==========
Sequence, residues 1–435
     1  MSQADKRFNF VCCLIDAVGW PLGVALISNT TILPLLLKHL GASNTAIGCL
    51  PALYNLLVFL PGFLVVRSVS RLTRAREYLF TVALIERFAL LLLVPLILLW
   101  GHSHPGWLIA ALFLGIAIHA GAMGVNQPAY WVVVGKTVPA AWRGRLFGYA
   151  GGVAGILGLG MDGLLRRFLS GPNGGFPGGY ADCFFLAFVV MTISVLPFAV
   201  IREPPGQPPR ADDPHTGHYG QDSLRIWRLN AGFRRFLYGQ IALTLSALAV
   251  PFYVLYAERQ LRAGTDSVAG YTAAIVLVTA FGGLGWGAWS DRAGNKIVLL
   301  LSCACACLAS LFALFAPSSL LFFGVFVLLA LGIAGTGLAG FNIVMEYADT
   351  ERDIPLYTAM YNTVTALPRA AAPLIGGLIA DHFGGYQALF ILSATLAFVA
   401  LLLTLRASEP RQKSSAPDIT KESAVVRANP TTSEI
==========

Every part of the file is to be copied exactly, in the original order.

Sequence, residues 1–435
     1  MSQADKRFNF VCCLIDAVGW PLGVALISNT TILPLLLKHL GASNTAIGCL
    51  PALYNLLVFL PGFLVVRSVS RLTRAREYLF TVALIERFAL LLLVPLILLW
   101  GHSHPGWLIA ALFLGIAIHA GAMGVNQPAY WVVVGKTVPA AWRGRLFGYA
   151  GGVAGILGLG MDGLLRRFLS GPNGGFPGGY ADCFFLAFVV MTISVLPFAV
   201  IREPPGQPPR ADDPHTGHYG QDSLRIWRLN AGFRRFLYGQ IALTLSALAV
   251  PFYVLYAERQ LRAGTDSVAG YTAAIVLVTA FGGLGWGAWS DRAGNKIVLL
   301  LSCACACLAS LFALFAPSSL LFFGVFVLLA LGIAGTGLAG FNIVMEYADT
   351  ERDIPLYTAM YNTVTALPRA AAPLIGGLIA DHFGGYQALF ILSATLAFVA
   401  LLLTLRASEP RQKSSAPDIT KESAVVRANP TTSEI